Kids also love to look forward to things. In response to the bike-riding issue, my counselor suggested: “What if you said to Levi, ‘Ok, bud, I know you love to ride your bike! Mama is very busy right now. What if we make time when Daddy gets home from work, for you to ride your bike? Then he can watch you and make sure you’re safe.'” That way, she said, Levi can look forward to that time and know that he will, indeed, get to ride that bike.
6. Focus on the positive, avoid the negative
Look for and affirm positive behavior: “You waited so patiently to ride your bike! I am proud of you.” “Thank you for coloring on the piece of paper.”
Limit negative language, and in particular, the use of the word “no” as much as possible. Instead of, “No, you can’t have lollipops for breakfast,” try, “Lollipops are a great treat. Let’s be patient and wait to enjoy one until after lunch.”
7. Throw out punitive terms such as “disobey” and “bad”
“Personally, I don’t like using the terms ‘obey’ or ‘disobey’ because they feel punitive,” my counselor confessed.
“Kids want to obey, they want to please their parents,” she reminded me. When parents respond negatively to a child and use phrases like, “you disobeyed me!” or “what you did was bad!” or “that was naughty!” he can internalize it and become ashamed, perpetuating more negative behavior.
Instead, use more neutral language. Instead of: “I want you to obey,” try: “I want you to cooperate.” Instead of “You are being bad,” try: “You made a poor choice.”
8. Provide a healthy forum for expressing anger
“Anger is a natural human emotion,” my counselor said. “We all get angry, and our children need to be given the space to be angry. It’s what we do in our anger that can be problematic.”
The point is to teach our kids not to cause damage to themselves, others, or property in their anger.
Remind your child that it’s ok to be angry. Then, Set an expectation for what your child can do when he’s angry. Encourage him to take deep breaths. Let him punch a pillow. Let him color out his feelings. Let him growl like a lion. Find something that will help him express is feelings appropriately.
9. Model the behavior your want to see in your kids
Children will learn far more from observing us than they will from what we said, my counselor reminded me. So when we are angry as parents, do we yell, frown, get aggressive? If so, our children will internalize that and demonstrate that as well.
When our children push our buttons, we need to work hard to approach them calmly, using our words instead of our reactions. “You can kneel down in front of your son, even when you are angry, and say, ‘When you chose to do that, it made me angry. It made me feel like you didn’t respect me.'”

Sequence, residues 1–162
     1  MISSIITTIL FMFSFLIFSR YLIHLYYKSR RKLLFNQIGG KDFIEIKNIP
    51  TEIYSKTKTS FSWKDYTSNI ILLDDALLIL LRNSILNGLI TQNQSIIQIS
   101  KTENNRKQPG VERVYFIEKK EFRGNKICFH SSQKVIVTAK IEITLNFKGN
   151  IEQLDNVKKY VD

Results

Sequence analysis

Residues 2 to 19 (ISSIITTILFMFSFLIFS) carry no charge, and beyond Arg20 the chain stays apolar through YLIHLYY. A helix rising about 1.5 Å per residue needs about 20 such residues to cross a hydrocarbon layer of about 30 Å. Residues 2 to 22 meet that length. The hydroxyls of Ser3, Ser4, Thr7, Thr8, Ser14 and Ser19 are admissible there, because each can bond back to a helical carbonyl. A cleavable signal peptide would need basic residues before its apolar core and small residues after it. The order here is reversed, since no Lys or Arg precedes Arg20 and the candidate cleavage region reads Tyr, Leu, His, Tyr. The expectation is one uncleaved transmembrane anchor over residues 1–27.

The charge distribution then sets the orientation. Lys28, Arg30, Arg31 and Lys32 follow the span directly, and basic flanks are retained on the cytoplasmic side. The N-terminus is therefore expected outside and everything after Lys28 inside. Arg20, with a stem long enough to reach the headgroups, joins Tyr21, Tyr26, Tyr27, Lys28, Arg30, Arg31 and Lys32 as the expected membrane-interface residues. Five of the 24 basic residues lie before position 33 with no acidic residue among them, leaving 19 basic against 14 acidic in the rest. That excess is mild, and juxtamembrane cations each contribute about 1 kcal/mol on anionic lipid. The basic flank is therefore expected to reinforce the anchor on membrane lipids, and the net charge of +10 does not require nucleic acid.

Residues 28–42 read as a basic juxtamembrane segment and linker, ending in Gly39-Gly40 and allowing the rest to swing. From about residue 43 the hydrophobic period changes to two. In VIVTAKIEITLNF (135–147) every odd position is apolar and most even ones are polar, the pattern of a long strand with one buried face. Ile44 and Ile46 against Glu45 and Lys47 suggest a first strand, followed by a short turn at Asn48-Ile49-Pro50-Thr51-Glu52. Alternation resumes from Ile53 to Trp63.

I’ve been thinking about this in regards to listening, too. How often has my son tried to get my attention and I said, “One minute!” because I needed to read that e-mail that very minute? Have I been teaching him that tasks are more important than relationships without even meaning to?
If I want my children to listen to me when I speak to them, I best listen to them when they speak to me.
10. Reframe your thinking about discipline
Perhaps the most humbling thing my counselor told me was this: “The parent sets the emotional tone for the family.” If the tone in my home is negative, it is a reflection on me, not my children.
How we think about disciplining our children will greatly impact the emotional tone in our home, for better or for worse.
The root word of discipline is disciple. The point is to teach our children how to behave, how to communicate, how to respond to feelings, how to think. Each day is chock full of learning opportunities, but it is up to us, the parents, to take advantage of them. We can maximize learning opportunities by treating our children with respect, particularly in those moments when we find that they are not meeting our expectations.
We need to be ready and willing to work on this important education.
My goal as a parent is to teach my children how to be healthy humans. But it is a process. It will take time, energy, intentionality, and grace. I will need to demonstrate self-control and patience. I will need to ask my kids to forgive me when I fail. I will need to continue to go to counseling so I can learn how to be a healthy human and model healthy behaviors for my children.
I’m learning this positive discipline stuff as I go (aren’t we all?). I hope that these tips can encourage you and provide you with some guidelines for making your home a healthy, respectful learning environment for your kids.
And may you have ample grace for the journey.
Interested in reading more about positive discipline? Here are three books I’ve referenced in my attempt to learn about this topic (contains affiliate links):
Positive Discipline for Preschoolers – I’ve referenced this book with my preschool aged son, and just recently have acquired a copy of Positive Discipline: The First Three Years. I appreciate how these both address the “whys” as well as the “hows” for positive discipline.
How to Talk so Kids Will Listen and Listen so Kids Will Talk – This “parenting bible” book is full of practical advice and examples for building positive communication and expectations with your kids.
The Whole Brained Child – This little book is so helpful for learning how a child’s brain works and what to expect from them developmentally. I think it’s a must read for all parents.